Wisdom of Trams

As Street Cars Return to US Cities, Vienna Risks Letting Theirs Slip Away

In the United States, streetcars are making a comeback. In over 40 cities from Portland, Oregon to Cincinnati, Denver Houston, Charlotte, North Carolina, Pittsburg and Philadelphia, abandoned lines have been reactivated and in a number of cases, new systems begun.

“They serve to coalesce a neighborhood,” said Jim Greabner, chairman of the Public Transportation Association’s streetcar and vintage trolley committee. “That’s very evident in places like San Francisco, which never got rid of its system.”

Which is also, of course true of Vienna, which could be considered a model for its efficient and multi-layered public transportation system that has long been the envy of cities around the world.

Thus it seems particularly ironic that Vienna is dismantling parts of its streetcar system, thinking that a subway will do just as well.

The Viennese public clearly doesn’t agree.

When the Vienna Transit Authority (Wienerlinien) announced it would close down the 21 Tramline crossing the 2nd District from Schwedenplatz to Handelskai, it unleashed a public outcry. There were demonstrations, organized petitions and other citizen action. Still in mid March with the opening of the U2 subway extension, the line was shut down.

There had been indications that a compromise might be in the works – perhaps keeping the route open, at least as far as Praterstern – but by the end of June, the deal was off. By June 20, an agreement by the four leading parties – The Greens, the ÖVP, the FPÖ and the SPÖ, by far the dominant party – for a district-wide petition had been abandoned.

“Of course, the opinions of the voters are important to us,” District representative Gerhard Kubik said, “but we must look at the larger view.”  The service was considered a duplication of the new subway line, the argument went, and thus no longer needed.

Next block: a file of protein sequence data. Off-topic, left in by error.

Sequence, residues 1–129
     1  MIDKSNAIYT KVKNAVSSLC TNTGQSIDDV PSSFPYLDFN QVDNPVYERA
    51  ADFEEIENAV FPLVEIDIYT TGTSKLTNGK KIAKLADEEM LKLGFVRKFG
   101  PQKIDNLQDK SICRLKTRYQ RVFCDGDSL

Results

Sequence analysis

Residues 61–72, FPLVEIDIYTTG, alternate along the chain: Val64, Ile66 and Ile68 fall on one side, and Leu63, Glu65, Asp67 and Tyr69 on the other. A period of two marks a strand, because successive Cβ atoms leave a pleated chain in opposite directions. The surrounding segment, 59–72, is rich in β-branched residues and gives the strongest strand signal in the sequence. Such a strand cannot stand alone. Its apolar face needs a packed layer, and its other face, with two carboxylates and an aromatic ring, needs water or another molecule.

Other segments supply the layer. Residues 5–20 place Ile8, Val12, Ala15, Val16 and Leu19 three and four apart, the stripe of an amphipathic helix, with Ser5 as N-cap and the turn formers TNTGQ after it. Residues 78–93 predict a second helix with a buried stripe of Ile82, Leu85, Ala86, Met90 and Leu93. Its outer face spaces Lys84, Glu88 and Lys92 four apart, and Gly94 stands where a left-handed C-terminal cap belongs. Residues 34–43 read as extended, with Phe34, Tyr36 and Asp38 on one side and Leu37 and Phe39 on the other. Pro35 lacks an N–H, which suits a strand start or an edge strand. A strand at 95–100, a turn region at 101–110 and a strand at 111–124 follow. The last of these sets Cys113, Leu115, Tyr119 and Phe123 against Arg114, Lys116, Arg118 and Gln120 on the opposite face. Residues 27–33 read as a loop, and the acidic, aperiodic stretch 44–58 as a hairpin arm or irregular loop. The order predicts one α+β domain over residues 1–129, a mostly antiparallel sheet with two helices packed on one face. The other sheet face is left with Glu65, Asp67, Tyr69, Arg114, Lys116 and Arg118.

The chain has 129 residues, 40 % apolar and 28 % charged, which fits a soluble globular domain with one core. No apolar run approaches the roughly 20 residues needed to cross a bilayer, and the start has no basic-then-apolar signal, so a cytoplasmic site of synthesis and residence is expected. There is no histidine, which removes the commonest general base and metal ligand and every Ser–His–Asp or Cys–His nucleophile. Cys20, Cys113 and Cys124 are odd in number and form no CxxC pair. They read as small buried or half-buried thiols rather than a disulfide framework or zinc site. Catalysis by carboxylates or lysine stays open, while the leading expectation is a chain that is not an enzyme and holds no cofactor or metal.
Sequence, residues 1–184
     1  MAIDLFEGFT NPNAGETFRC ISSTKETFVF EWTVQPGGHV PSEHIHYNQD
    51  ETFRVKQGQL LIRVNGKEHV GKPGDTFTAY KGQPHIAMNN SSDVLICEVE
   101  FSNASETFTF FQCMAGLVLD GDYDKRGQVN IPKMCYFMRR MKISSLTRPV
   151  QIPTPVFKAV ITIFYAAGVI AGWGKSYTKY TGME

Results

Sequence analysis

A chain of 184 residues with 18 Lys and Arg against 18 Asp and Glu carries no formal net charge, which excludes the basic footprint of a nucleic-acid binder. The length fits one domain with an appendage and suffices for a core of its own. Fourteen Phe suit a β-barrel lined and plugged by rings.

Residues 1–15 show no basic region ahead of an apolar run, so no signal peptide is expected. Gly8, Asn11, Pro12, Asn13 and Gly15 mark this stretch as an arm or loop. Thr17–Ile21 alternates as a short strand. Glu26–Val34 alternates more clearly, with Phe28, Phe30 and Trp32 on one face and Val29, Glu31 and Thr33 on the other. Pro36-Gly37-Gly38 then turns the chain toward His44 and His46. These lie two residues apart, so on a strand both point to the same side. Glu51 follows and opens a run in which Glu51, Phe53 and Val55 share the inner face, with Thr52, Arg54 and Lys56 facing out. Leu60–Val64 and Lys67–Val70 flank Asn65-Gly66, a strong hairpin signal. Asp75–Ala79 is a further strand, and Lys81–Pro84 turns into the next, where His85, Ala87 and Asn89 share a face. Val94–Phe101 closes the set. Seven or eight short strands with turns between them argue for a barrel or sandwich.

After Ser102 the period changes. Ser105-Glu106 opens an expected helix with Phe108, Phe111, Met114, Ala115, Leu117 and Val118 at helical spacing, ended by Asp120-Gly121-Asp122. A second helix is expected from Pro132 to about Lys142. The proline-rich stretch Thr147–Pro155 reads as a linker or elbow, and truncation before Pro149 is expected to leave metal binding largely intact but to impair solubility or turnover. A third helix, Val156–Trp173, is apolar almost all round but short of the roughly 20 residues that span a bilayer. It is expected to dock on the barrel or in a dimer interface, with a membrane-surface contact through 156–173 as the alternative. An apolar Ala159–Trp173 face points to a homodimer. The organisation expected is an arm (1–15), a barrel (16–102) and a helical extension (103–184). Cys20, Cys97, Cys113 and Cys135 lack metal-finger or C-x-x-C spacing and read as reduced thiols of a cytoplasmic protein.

“It is not defensible to continue to operate a tram line parallel with a subway line,” said Deputy Mayor Renate Brauner in a public statement, explaining that it was “fundamentally an economic decision” in the interests of business.

Which nobody actually believed. On being pressed, she admitted that there was actually no net savings; the money would simply be redirected to other uses.  The promised expanded bus lines were not comparable and residents cite a range of negative consequences, including loss of business to shops, cafes and restaurants along the route.

“This is completely predictable,” said Alex Kummer, a former resident of the neighborhood. “We saw this on Praterstrasse, when the U-Bahn went in there. They said it would be the making of the street, but it was just the opposite. As soon as you take people off the street and put them underground, the connection is lost. And whatever they say, busses are just not the same.”

Which brings us back to the students of city planning in the United States. Struggling in a world where cities had been abandoned, they have rediscovered the wisdom of an easy-on, easy-off transit system ambling through the neighborhoods as a way to revive the connections between people and the communities they live in.

Vienna has always known this; it seems a shame that they should be working so hard at forgetting it now.

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